Eurogirl January 20, 2011 at 8:49 am

Does she know how expensive it is? Never having used GPS myself (think it’s more common in the USA than over here), I was shocked that the CD cost so much. I bet she thinks as well that to replace it would cost the same or slightly more than a normal CD. Yes, it still does matter but maybe she didn’t understand that it was such a big expense. I’m not saying I wouldn’t have offered to replace it, cause I definitely would have, but I would have been shocked to discover it cost so much…and if it was the friend who lost/damaged it, you can believe I would be asking her about it and demanding she share the costs with me!

I would explain to her that if she cannot provide an explanation of where the CD is gone or what happened to it, you will expect her to pay the full cost of replacing it immediately (and point out how much that cost is), and if she wants to tell you anything more about what actually happened, you would consider splitting the costs if it was really no fault of her own – that way she has an incentive to tell you the truth (not that she should need one, but clearly she’s not telling you without it)…

momof4 January 20, 2011 at 11:04 am

I would be straight with her and tell her she owes you the money – maybe not all, but at least half. Yes, situations happen. But being responsible is part of being an au pair. We trust them with our children right? Then they need to be responsible.

Hula Gal January 20, 2011 at 11:07 am

It is not clear to me from the blog post whether the au pair was ever told how much the CD costs to replace. I assume, because she was so nonchalant about it that she did not realize how much it cost. Don’t continue to belabor this issue. Sit down with her, explain that the CD costs $200 to replace and that she will need to pay for half of it since she bears the responsibility for the CD getting lost although she is not aware of how it got lost. You might give her another two days to locate the CD and if she cannot magically come up with the CD than she is out $100. And I would wait another month if you can before you commit to an extension. Seems, based on past posts about extension au pairs, that things can go south pretty fast after the extension is locked in. good luck!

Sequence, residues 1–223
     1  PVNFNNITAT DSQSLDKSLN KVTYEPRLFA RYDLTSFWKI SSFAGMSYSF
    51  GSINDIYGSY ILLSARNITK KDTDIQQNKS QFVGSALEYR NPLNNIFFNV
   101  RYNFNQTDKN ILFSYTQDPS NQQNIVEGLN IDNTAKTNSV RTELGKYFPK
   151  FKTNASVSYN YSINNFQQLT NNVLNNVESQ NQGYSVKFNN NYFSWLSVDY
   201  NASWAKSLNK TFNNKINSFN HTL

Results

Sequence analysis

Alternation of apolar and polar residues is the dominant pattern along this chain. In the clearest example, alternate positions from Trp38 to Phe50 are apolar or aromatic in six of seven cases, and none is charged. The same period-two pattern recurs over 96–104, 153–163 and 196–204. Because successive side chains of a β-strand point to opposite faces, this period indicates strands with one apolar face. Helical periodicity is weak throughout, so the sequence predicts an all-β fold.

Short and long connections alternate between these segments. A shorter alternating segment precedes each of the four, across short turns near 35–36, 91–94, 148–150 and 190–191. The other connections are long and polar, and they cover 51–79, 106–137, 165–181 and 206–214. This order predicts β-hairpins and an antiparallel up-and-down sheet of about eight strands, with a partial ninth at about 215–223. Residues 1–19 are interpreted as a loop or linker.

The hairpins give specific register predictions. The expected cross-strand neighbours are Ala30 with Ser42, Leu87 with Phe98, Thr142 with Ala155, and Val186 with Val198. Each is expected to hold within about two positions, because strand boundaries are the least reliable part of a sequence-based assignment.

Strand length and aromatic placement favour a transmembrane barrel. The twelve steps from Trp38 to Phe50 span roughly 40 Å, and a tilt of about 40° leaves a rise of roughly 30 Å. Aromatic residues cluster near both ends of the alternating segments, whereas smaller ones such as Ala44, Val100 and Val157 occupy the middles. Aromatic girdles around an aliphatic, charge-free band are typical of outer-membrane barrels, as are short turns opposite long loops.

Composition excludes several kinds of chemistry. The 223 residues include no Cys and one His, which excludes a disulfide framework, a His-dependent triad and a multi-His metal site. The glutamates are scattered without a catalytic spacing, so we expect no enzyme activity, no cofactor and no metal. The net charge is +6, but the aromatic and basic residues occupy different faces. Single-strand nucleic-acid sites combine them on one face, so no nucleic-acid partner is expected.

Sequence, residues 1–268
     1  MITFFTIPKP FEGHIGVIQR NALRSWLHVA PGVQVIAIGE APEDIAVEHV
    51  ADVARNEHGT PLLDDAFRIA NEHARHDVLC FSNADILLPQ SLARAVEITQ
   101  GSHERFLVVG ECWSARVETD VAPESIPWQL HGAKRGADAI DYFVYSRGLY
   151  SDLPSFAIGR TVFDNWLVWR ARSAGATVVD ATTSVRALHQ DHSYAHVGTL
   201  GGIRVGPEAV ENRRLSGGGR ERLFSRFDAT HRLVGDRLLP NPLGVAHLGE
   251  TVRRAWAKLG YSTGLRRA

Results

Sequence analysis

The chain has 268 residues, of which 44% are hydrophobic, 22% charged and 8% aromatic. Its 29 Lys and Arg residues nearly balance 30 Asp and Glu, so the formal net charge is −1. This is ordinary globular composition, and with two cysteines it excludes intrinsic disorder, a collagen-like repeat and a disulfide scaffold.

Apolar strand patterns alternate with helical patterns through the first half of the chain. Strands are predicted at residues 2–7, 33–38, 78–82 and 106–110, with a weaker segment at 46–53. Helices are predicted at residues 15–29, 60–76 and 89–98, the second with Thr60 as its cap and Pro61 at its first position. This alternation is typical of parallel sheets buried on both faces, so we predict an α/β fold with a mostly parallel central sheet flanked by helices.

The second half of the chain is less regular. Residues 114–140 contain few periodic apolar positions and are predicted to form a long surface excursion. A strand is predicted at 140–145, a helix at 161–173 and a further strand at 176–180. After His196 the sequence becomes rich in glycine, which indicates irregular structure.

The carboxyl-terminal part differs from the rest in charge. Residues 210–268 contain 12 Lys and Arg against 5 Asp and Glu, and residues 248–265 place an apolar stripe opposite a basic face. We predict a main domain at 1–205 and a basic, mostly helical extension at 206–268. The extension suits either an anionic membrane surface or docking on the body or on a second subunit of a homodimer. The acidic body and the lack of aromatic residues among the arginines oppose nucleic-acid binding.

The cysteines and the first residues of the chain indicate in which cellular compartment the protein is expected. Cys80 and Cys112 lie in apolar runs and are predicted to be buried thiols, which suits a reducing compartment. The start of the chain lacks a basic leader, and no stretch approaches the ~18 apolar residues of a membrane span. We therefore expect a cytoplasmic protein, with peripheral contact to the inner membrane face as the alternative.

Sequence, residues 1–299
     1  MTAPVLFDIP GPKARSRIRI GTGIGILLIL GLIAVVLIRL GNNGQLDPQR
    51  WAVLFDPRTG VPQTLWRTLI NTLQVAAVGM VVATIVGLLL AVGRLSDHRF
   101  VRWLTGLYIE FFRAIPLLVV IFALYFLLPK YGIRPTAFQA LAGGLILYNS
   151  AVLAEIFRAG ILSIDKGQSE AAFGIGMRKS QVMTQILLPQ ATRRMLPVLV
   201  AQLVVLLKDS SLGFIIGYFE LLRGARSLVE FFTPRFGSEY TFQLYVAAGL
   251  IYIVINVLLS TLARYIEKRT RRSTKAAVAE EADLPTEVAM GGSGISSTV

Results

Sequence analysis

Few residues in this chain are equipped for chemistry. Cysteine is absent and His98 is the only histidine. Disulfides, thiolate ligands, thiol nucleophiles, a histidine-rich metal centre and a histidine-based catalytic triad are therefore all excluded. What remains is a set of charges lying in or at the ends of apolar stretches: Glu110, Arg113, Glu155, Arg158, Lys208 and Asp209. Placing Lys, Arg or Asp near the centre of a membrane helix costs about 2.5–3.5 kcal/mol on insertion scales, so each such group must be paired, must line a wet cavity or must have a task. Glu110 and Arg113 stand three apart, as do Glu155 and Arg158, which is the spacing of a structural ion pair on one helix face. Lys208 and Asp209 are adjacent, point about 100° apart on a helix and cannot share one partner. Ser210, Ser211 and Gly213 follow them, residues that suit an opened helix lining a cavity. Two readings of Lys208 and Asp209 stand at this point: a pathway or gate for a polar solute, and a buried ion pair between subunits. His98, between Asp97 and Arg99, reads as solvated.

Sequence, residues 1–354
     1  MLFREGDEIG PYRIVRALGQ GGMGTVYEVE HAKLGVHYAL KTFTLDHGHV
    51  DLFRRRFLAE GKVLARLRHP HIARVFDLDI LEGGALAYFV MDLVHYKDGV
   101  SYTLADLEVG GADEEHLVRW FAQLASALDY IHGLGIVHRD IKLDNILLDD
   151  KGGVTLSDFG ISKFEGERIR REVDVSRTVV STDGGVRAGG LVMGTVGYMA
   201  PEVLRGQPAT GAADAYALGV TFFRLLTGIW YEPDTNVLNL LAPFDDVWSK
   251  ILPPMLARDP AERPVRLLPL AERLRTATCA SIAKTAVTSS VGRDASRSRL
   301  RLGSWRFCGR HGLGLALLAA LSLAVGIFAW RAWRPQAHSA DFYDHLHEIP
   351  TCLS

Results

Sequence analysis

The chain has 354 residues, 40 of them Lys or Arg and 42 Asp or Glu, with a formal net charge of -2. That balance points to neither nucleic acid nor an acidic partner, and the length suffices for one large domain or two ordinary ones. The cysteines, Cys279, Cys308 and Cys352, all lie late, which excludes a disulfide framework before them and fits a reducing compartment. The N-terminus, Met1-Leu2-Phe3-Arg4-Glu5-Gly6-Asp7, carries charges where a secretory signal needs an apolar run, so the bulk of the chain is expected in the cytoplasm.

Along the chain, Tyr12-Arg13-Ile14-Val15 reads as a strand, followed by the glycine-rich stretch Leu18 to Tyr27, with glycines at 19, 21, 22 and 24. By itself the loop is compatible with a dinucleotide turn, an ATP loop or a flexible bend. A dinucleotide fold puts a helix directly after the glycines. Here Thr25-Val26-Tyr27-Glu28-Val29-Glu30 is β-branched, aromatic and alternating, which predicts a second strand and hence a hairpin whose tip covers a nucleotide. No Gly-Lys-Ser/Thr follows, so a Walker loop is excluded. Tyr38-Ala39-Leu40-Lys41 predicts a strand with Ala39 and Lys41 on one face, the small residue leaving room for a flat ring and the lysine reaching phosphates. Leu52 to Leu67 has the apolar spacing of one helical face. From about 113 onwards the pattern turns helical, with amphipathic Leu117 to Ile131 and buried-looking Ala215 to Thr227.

A Host Mom January 20, 2011 at 12:06 pm

Honestly, why would you only make her pay half of it? She should pay for the whole thing being that you did her a favor by lending her your car and she acted irresponsibly. I would let her know the cost of the CD and ask her how she intends to pay for it. If she can’t pay for it all at once, work out a schedule with her.

Hostmom needing Guidance January 20, 2011 at 12:44 pm

Hi, I’m the original poster. To answer the cost question — she did know how much the CD cost because when it first went missing, HD asked her to take a good look around for it because it costs a few hundred dollars to replace. I recall her being surprised at the cost (I was too!). And he spent quite some time searching online to try to find a decent used one. But, even if she thought it was very cheap to replace, I would have still expected her to say, “I’ll pick up a new one. Where can I buy it?”, or something along those lines.

It’s not a huge deal, since we’ve had a very good year so far and nothing like this has come up before, but just weird that she showed no concern or accountability at all. It does make me wonder somewhat about her perception of our finances, and maybe she figured it was not a big deal for us to pay to replace?? She sometimes seems ‘wowed’ by our lifestyle — I think she might only see ‘big house, nice cars, housekeeper, etc’ and maybe not be aware of all the bills that come along with that.

HostMominVA January 20, 2011 at 12:51 pm

I would inform the AP that the CD costs $200 to replace. Offer to take payment in full immediately or work out a 10-week payment plan. My perspective is that she lost the CD on her personal time (not her on duty time) so the obligation to replace is 100%. If she lost in while on duty (in other words, the care for the children was a mitigating factor), I’d say she owes 50%. This is the policy I use for the auto insurance deductible. It is in the family handbook.

I would not express any disappointment in how she handled the situation or ask for/expect an apology. We can’t change how other people feel about matters or take personal responsibility. I would absolutely factor this experience into my decision to extend or not. If she is as careful generally as you describe, I’d overlook this lapse. If not, I’d find a new AP for next year. Your mileage may vary.

Calif Mom January 20, 2011 at 1:21 pm

Have you looked in the air vents where the windshield meets the dash? Things can slide in there, depending on the car. Might ask a kid to help look, depending on their ages.

But to your question, this interaction doesn’t strike me as a glaring red flag, unless there’s more to it than we’ve heard so far.

As for extending, it’s kind of like that nursery rhyme: when she was good she was very very good, but when she was bad she was horrid. We’ve extended twice, both times with rematched APs, and it was wonderful both times.

massaupairmom January 20, 2011 at 2:07 pm

I am not sure that I agree with the building consensus to have the au pair pay the entire $200. Yes, $200 is a lot of money. But in terms of scale, it is a LOT more money to your au pair than to you. It represents (for my au pair), 45 hours of chasing around three active kids, changing diapers, getting thrown up on, having snot wiped on her shoulder, etc., etc. For me personally, $200 represents the net from a couple of billable hours. An entire week’s pay is a lot to give up for what was probably a moment’s inattention, especially for an au pair who has otherwise shown herself to be responsible. I think this is a good learing opportunity for the au pair. Since you seem to have a good relationship with her, I would have a conversation with her in which I expressed my disappointment that she hadn’t offered to step up, and explain why. She might surprise you with her response, and offer some sort of restitution that everyone can live with.